Charities such as NSPCC and Barnardos have been campaigning to raise the profile of this form of child abuse. Information regarding CSE can be found here sexually exploited. PACE offers one-to-one telephone support, national and local meet-ups with other affected parents and information on how parents can work in partnership with school, police and social care: www.paceuk.info
The NSPCC has a wide range of resources that help adults keep children safe from abuse and other dangers, both online and in the physical world.
- P.A.N.T.S: Teach your child the Underwear Rule and help protect them from abuse. It’s a simple way that parents can help keep children safe from sexual abuse: Talk PANTS & Join Pantosaurus – The Underwear Rule | NSPCC
- Online safety: Helpful advice and tools you can use to help keep your child safe whenever and wherever they go online. Keeping children safe online | NSPCC
- Home alone: How to decide when it’s safe for your child to be home on their own, and what you can do if they’re too young. Home alone or out alone guide | NSPCC Learning
Female Genital Mutilation (FGM)
FGM is a procedure carried out on young girls between the ages of infancy and 15 years of age. Female Genital Mutilation is classified as a form of Child Abuse in the UK. It therefore makes the procedure of it a serious Child Protection issue.
It is illegal for anyone to perform FGM in the UK or to arrange for a child to be transported to another country for the procedure. The maximum sentence for carrying out FGM or helping it to take place is 14 years in prison.
There is lots of information and support available online for parents concerned about this subject or if you know someone who is at risk:
- Contact the Police if you think that a girl or young woman is in danger of FGM and is still in the UK.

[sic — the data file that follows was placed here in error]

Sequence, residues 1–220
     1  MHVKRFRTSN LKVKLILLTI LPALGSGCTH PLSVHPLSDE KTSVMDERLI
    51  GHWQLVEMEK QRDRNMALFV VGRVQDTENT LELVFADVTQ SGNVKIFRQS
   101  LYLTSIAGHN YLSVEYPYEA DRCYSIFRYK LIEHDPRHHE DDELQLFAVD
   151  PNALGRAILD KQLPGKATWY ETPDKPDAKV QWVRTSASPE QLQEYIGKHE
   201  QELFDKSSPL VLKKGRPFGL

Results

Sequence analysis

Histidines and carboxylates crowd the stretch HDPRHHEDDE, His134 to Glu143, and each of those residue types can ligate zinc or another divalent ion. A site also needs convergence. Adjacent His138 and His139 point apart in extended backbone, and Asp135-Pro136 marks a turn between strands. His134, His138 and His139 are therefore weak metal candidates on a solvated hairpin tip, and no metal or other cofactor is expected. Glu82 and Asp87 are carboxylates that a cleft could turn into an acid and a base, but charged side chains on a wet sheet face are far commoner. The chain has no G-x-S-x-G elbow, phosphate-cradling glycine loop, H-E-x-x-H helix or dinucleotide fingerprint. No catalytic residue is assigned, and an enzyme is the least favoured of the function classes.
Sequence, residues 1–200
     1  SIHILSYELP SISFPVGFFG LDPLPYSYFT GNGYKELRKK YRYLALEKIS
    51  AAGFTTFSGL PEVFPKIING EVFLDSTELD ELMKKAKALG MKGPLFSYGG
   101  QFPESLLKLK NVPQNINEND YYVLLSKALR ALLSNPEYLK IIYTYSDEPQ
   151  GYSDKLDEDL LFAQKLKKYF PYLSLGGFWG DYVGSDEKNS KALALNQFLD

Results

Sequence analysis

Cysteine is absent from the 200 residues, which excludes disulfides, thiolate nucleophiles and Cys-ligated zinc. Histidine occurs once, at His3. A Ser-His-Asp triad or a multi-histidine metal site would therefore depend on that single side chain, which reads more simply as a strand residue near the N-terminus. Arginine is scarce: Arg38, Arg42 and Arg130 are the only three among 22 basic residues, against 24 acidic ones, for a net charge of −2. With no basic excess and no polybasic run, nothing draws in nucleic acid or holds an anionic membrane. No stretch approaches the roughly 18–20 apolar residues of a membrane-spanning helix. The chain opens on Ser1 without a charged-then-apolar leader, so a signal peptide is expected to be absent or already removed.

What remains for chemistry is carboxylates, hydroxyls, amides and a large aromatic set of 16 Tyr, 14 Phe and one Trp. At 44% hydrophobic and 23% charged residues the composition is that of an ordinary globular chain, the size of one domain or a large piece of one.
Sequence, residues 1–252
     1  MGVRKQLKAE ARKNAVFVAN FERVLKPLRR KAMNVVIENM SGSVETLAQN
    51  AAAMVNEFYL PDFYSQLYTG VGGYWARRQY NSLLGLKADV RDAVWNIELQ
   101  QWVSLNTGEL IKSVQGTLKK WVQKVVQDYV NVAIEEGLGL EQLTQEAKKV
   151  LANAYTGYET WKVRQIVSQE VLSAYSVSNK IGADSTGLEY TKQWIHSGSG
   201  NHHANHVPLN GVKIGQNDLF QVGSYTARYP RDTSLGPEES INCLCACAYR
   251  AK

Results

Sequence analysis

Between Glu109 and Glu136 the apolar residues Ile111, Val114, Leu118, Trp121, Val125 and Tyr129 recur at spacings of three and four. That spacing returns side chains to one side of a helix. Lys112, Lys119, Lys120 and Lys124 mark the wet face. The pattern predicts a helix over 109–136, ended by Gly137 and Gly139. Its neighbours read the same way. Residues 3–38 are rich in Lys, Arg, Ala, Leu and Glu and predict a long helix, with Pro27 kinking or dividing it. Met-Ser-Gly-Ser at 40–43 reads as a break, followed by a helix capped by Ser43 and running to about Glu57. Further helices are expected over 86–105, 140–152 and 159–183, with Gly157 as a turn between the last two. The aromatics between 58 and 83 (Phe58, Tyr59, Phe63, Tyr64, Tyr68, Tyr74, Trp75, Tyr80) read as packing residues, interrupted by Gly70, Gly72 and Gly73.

- Contact the Foreign and Commonwealth Office (020 7008 1500) if she’s already been taken abroad.
- The Daughters of Eve website helps to raise awareness of this issue and sign-posts those affected by it to supportive services: www.dofeve.org
The NSPCC has detailed advice on how to spot the signs, symptoms and effects of FGM and provides support for people who are concerned about a child or who have been affected themselves: www.nspcc.org.uk
The NSPCC offers a free and anonymous FGM 24 hour helpline. Call: 0800 028 3550 or email: firstname.lastname@example.org
From 1 July 2015 schools are subject to a duty under section 26 of the Counter-Terrorism and Security Act 2015, in the exercise of their functions, to have “due regard to the need to prevent people from being drawn into terrorism”.
Hillside Primary School is clear that extremism and radicalisation should be viewed as safeguarding concerns. We value freedom of speech and the expression of beliefs and both pupils/students and adults have the right to speak freely and voice their opinions.
Our school ethos seeks to build pupils’ resilience to radicalisation by promoting fundamental British values and enabling them to challenge extremist views. DfE guidance on the Prevent Duty can be found here: Prevent Duty Departmental advice for Schools and Colleges The NSPCC has information for parents/carers about radicalisation and dangers associated with extremism. There are also links to other supportive services on the NSPCC web page: https://www.nspcc.org.uk